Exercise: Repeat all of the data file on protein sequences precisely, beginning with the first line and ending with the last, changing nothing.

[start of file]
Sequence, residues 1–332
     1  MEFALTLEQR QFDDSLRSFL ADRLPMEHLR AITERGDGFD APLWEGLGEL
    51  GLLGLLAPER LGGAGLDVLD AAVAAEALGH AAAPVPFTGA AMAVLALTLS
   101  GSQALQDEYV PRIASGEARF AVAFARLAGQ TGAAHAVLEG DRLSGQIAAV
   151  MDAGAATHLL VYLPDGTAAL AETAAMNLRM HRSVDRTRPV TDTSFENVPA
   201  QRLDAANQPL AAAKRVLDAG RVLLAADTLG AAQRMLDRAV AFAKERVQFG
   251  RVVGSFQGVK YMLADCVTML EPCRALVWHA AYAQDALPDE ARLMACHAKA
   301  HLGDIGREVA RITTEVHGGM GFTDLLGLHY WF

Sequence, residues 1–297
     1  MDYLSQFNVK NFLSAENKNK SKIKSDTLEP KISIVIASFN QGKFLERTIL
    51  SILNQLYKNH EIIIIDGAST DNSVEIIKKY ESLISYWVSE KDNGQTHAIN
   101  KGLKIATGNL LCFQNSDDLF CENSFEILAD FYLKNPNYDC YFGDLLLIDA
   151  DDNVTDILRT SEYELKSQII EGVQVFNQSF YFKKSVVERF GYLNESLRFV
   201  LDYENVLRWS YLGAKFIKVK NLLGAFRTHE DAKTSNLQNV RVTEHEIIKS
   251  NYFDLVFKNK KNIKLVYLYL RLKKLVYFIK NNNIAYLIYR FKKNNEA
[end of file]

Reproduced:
Sequence, residues 1–332
     1  MEFALTLEQR QFDDSLRSFL ADRLPMEHLR AITERGDGFD APLWEGLGEL
    51  GLLGLLAPER LGGAGLDVLD AAVAAEALGH AAAPVPFTGA AMAVLALTLS
   101  GSQALQDEYV PRIASGEARF AVAFARLAGQ TGAAHAVLEG DRLSGQIAAV
   151  MDAGAATHLL VYLPDGTAAL AETAAMNLRM HRSVDRTRPV TDTSFENVPA
   201  QRLDAANQPL AAAKRVLDAG RVLLAADTLG AAQRMLDRAV AFAKERVQFG
   251  RVVGSFQGVK YMLADCVTML EPCRALVWHA AYAQDALPDE ARLMACHAKA
   301  HLGDIGREVA RITTEVHGGM GFTDLLGLHY WF

Sequence, residues 1–297
     1  MDYLSQFNVK NFLSAENKNK SKIKSDTLEP KISIVIASFN QGKFLERTIL
    51  SILNQLYKNH EIIIIDGAST DNSVEIIKKY ESLISYWVSE KDNGQTHAIN
   101  KGLKIATGNL LCFQNSDDLF CENSFEILAD FYLKNPNYDC YFGDLLLIDA
   151  DDNVTDILRT SEYELKSQII EGVQVFNQSF YFKKSVVERF GYLNESLRFV
   201  LDYENVLRWS YLGAKFIKVK NLLGAFRTHE DAKTSNLQNV RVTEHEIIKS
   251  NYFDLVFKNK KNIKLVYLYL RLKKLVYFIK NNNIAYLIYR FKKNNEA